Jimmy hated when Stephen called him Jimbo. It irritated him to no end. And once he made it clear that it irked him, Stephen never let up.
“Come on,” Jimmy said, practically begging. “I’ll give you the rest of my allowance.”
“I don’t want your piggybank change,” he scoffed. Stephen turned his phone back on to see if Megan Fuller ever responded to his last text. She had not.
He turned his attention away from his phone and saw the disappointment in his brother’s eyes. Stephen sighed again. “Alright, we can carve a jack-o’-lantern. Just give me half an hour. I need to call Megan and make sure everything is alright. I have a strange feeling something happened.”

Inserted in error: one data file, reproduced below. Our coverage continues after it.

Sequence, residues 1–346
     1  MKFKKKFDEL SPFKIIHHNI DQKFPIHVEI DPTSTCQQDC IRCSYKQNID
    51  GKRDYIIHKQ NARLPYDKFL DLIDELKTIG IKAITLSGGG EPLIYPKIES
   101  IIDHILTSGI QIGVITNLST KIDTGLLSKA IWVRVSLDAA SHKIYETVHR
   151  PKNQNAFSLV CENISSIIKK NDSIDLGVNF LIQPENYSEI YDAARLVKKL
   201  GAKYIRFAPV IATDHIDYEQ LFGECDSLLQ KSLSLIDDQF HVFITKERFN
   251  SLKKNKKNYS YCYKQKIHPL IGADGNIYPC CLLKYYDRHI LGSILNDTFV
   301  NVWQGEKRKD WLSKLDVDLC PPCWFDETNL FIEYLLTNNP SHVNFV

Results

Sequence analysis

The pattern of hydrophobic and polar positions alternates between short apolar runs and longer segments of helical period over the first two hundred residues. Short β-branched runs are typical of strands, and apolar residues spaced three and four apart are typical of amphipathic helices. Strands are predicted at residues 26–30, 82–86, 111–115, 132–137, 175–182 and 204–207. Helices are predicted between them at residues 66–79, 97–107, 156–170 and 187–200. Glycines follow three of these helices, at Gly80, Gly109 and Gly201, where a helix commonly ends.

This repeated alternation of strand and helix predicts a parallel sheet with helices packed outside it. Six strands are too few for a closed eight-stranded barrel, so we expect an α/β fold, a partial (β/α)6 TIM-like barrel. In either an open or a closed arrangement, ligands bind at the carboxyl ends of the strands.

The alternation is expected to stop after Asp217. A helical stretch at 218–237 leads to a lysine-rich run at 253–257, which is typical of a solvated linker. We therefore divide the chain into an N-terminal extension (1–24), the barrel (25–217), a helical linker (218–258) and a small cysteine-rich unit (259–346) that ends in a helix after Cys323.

“Can I read my comics while I wait?” Stephen hadn’t even noticed until then that Jimmy had brought a handful of comic books down from his room.
“You know that mom hates you reading those.”
“I know. That’s why I want to read them while she’s not home.”
Stephen grabbed the comics from Jimmy and started flipping through the covers. “Careful with those,” Jimmy moaned. “Some of them are worth money.”
“Laser man. Devil Man. Nuclear Man.” He stopped for a moment and looked at his brother disapprovingly. “Vampire Chicks from Hell,” he said, reading another title. “Seriously? You don’t understand why mom hates you reading this silly crap?”
“It’s not crap. It’s art.”
“You want art? Go to a museum. This is not art. These are children’s fantasies.” He handed the comics back to Jimmy. “But go ahead and read them, Jimbo. Whatever makes you happy.”